Google has indicated it will appeal the findings and the fine including the basis for finding “an illegal act” by Google based upon what the CNIL deems a violation of the principle of “informed consent” and related notions imbedded within the GDPR. Concerns are being privately expressed that CNIL is using a different, more aggressive approach to “informed consent” when dealing with “Silicon Valley” Tech giant companies as opposed to EU based, smaller “adtech” companies whose practices are essentially identical to Google’s approach regarding gaining consent from digital customers. [Economist Magazine, cited above.]
There is a darker side to this developing dispute. What this really may be about, or a large part of the reason for the dispute, is a focus on the business mode and supporting software upon which Google and many other online service companies are based. A final, non-appealable finding by EU Courts that the Android operating system violates, per se, the GDPR would be a serious strike at how internet processes work globally. This is a very serious matter. Perhaps, that is why a respected publication such as The Economist used “War” versus some less provocative word in its article title.
Much will be written and said about this developing issue in the next weeks and months. At the IADC Mid Year meeting a major CLE presentation is scheduled on EU Enforcement Action relating to the GDPR. I am certain this issue will be a part of a very thorough and well presented program. It is scheduled at 8:45 am on Monday, 25 February. If you are attending the Mid Year Meeting, plan to attend this program. If not, either consider attending or seek the presentation packages for your use from the panel members.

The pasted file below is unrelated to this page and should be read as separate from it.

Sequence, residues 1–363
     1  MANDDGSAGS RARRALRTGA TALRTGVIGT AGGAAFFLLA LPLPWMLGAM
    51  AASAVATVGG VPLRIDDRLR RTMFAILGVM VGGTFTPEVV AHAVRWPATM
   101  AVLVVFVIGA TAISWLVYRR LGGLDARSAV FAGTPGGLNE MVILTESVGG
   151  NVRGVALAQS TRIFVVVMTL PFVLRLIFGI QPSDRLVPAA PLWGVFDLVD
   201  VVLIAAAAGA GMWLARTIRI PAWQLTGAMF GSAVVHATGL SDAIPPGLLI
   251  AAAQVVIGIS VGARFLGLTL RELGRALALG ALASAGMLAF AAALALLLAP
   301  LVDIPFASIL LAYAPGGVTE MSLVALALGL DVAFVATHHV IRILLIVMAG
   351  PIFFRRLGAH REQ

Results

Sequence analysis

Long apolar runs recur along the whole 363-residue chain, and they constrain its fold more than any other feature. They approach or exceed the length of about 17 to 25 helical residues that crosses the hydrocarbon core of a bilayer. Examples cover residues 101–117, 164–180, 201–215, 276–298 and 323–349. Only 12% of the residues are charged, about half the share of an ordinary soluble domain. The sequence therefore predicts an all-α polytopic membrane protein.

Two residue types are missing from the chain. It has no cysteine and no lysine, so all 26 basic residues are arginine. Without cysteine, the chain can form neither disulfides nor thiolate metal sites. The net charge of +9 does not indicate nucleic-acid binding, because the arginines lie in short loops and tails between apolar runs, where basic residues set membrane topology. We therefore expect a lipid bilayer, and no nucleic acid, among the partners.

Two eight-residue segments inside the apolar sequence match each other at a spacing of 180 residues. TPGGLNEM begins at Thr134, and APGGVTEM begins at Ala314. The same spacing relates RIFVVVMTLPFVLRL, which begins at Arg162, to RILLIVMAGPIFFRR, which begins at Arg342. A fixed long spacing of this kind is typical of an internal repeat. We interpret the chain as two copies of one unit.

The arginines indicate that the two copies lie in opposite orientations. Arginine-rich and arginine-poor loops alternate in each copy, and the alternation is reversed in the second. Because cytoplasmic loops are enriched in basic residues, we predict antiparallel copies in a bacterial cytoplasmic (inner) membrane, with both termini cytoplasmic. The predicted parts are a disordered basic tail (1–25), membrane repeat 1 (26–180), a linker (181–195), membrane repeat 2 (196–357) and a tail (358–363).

The Role of Single Client Counsel in This Matter
In Part I of this article series, I discussed the EU approach to facilitating Block Chain technology into GDPR compliance. It was clear the EU is sensitive to issues created by new technologies on privacy and data protection. It may be, in this second part, that we become acquainted with another, much more aggressive approach the EU might take regarding GDPR compliance and existing, broad based and sophisticated operating systems.
In house counsel need to become fully knowledgeable regarding the data handling and privacy features of all technologies their client uses, or is considering using in the future. The risk management process within their company must ensure that legal counsel are fully engaged in analyzing the type of issues set out above in this article. In house counsel, at their best, are vigilant and intimately knowledgeable of every aspect of how their client operates, where, what technology is being used, what protections are needed (before it become apparent they are needed) including proper contractual protections as well as regulatory responsibilities. An attorney is a very well trained risk manager. They have to be viewed and utilized that way by their client. That is your initial job. Get your role established. Use the expertise of experienced outside counsel in that process.
In the near future we will talk about existential events and risks for the single client counsel. Depending upon how events partially out of your control develop, this topic could be such an event.
Be Careful Out There!